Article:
Turtle Wax solution is to manufacture products early in the year, as it needs to send it to its distributors in time for summer. This builds up stock levels thus enabling the company to for fill orders even at busy periods. Tim Woods says “this extra stockholding incurs extra costs, but says that analysis has shown it to be a better solution than even more overtime”. (Turtle Wax case study)

As the company was

Ongoing Vendor Support:

The ERP system that was implemented for Turtle wax was cross platform as it ran on a variety of hardware platforms this including Microsoft Windows technology based servers. Turtle wax had a handful of potential software vendors.

Although Turtle Wax dealing with external vendors this caused problems and some employees were finding it difficult to adapt to the new change. They had to appreciate the new change and everybody had to play a part, along with other operations so everybody was effectively working together.

Jacqueline Smith who is European IT Manager says “We had some significant time pressures during the project, and had we not been so well supported by SSI, we might not have achieved a successful implementation”. (Turtle Wax case study Solarsoft)

Clear goals and objectives:

The company is trying to become more demand driven so an improvement of early production is vital as the product sells more during summer. Retailers request large orders during late spring.

Tim Woods says “ We are trying to become more demand-driven, and that really means improving our forecast accuracy”. (Turtle Wax case study)

Teamwork and Composition

Turtle Wax solution is to manufacture products early in the year, as it needs to send it to its distributors in time for summer. This builds up stock levels thus enabling the company to for fill orders even at busy periods. Tim Woods says “this extra stockholding incurs extra costs, but says that analysis has shown it to be a better solution than even more overtime”. (Turtle Wax case study)

Conclusion:

In conclusion ERP implementation could become a complex and risky process depending on the scope of the project and if it's not managed properly.

In order to see a successful project work the company needs to follow the set of factors which are having Top Management Support, project management, business process reengineering, Ongoing Vendor Support, Clear goals and objectives Teamwork and composition; if these are followed it will help the company not going bust.

Commitment and support is needed from top management in order for the new change to work. Failure to do this will see the project of the ERP to fail.

As this was the first time an ERP project was being developed for Turtle Wax ltd, the company wasn't sure if it was going to work or not, as many organisations that try to implement systems of this kind run into difficulties as different department may not be communicating and may have their own agendas and objectives as this can conflict with each other.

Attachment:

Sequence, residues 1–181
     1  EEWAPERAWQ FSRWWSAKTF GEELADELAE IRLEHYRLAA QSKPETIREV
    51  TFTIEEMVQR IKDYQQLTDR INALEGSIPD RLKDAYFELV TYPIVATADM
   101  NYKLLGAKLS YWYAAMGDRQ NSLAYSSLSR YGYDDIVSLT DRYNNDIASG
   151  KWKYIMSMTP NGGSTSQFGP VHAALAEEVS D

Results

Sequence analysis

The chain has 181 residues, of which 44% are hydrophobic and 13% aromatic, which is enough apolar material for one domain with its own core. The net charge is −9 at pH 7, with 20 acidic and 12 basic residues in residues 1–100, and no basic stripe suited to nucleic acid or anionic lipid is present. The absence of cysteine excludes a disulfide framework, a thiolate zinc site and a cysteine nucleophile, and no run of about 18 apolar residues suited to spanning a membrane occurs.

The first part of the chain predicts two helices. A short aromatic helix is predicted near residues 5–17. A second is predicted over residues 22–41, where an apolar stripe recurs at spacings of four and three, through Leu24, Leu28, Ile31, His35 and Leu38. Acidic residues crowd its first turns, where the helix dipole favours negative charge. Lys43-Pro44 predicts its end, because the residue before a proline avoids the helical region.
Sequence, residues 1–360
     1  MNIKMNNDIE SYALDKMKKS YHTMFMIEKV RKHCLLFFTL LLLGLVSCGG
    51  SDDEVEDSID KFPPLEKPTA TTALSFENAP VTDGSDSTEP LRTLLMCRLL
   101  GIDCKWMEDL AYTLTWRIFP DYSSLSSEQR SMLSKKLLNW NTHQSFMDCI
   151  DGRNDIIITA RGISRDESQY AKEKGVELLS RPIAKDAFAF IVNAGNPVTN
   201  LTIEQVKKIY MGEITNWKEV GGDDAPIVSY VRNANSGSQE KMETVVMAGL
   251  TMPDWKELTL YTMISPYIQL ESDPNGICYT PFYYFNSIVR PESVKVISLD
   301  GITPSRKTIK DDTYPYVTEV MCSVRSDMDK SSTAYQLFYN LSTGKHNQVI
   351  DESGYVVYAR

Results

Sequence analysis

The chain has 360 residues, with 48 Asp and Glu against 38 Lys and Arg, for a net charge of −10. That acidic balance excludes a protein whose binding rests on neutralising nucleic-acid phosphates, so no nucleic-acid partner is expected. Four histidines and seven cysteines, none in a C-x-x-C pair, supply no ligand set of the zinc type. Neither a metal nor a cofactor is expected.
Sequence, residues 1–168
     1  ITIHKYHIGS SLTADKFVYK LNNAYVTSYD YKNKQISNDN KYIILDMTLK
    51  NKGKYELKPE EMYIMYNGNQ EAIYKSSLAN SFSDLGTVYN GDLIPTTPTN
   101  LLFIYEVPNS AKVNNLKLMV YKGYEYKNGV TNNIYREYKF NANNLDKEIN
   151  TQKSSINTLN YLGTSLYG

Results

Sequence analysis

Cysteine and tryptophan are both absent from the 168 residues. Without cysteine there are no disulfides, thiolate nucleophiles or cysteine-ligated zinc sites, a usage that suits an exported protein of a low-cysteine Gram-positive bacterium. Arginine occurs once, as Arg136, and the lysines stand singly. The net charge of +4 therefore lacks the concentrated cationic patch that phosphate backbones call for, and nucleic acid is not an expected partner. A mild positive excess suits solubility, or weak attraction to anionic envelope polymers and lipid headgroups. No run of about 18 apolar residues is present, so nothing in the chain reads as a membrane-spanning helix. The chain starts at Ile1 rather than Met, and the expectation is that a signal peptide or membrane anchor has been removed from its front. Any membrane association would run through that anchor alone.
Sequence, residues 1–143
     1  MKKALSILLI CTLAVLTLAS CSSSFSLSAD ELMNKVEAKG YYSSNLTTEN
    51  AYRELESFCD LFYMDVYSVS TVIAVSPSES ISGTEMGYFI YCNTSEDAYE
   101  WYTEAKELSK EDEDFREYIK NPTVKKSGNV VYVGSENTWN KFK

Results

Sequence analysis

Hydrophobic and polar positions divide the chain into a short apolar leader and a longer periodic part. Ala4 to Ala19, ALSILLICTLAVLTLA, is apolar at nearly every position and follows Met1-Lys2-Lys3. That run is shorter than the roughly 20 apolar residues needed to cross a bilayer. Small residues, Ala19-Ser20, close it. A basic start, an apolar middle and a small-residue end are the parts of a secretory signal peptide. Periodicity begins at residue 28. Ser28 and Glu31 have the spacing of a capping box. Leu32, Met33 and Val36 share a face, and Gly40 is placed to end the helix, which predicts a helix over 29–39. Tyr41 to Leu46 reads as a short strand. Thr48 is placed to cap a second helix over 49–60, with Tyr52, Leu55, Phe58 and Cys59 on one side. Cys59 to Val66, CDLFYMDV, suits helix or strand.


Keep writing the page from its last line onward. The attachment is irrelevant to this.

REFRENCES:

Rosario, J. G., 2000, ‘On the leading edge: critical success factors in ERP implementation projects'. Business World, 17: 15-29.

Somers T.M., and Nelson K. (2001), The Impact of Critical Success Factors across the Stages of Enterprise Resource Planning Implementations, published in 34th Hawaii International Conference on System Sciences 2001, Hawaii

Tichy, N: 1983, Managing strategic change: Technical Political and cultural Dynamics (pp. 344-360)

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Mukherjee, D and D'Souza, D, (2003) “Think Phased Implementation For Successful Data Warehousing”, Information Systems Management, 20(2), 82-90.

Organizational Change in Today's Economy Models of Change and Overcoming Employee Resistance by Rafe Harwood URL: http://www.unfortu.net/~rafe/links/change.htm (accessed 12/12/09)

Loh T. C. and Koh S. C. 2004. ‘Critical elements for a successful enterprise resource planning implementation in small- and medium-sized enterprises', International Journal of Production Research, 42(17) 3433-3455.

Al-Mashari M, Ghani S,W Al-Rashid W. 2006. ‘A study of the Critical Success Factors of ERP implementation in developing countries'. Internet and Enterprise Management, 4(1): 68-95.

Nah, F. and Lau, J. 2001. ‘Critical factors for successful implementation of enterprise systems'. Business Process Management Journal, 7 (3): 285-296.

Somers T.M., and Nelson K. (2001), The Impact of Critical Success Factors across the Stages of Enterprise Resource Planning Implementations, published in 34th Hawaii International Conference on System Sciences 2001, Hawaii

Loh T. C. and Koh S. C. 2004. ‘Critical elements for a successful enterprise resource planning implementation in small- and medium-sized enterprises', International Journal of Production Research, 42(17) 3433-3455. http://www.fundinguniverse.com/company-histories/Turtle-Wax-Inc-Company-History.html (Accessed 10/12/2009).

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Kuang J., Lau L. J., Nah F. F. (2001) Critical Factors for successful implementation of enterprise system, Journal of business process management, 7, 3, 285 -296.

Critique

n Too many projects fail because not enough effort was expended in the unfreezing state to prepare those affected for the change (Schein, 1995).

n If change agents practice these steps (or those in other widely accepted change models) change management should become more effective, if no less complex.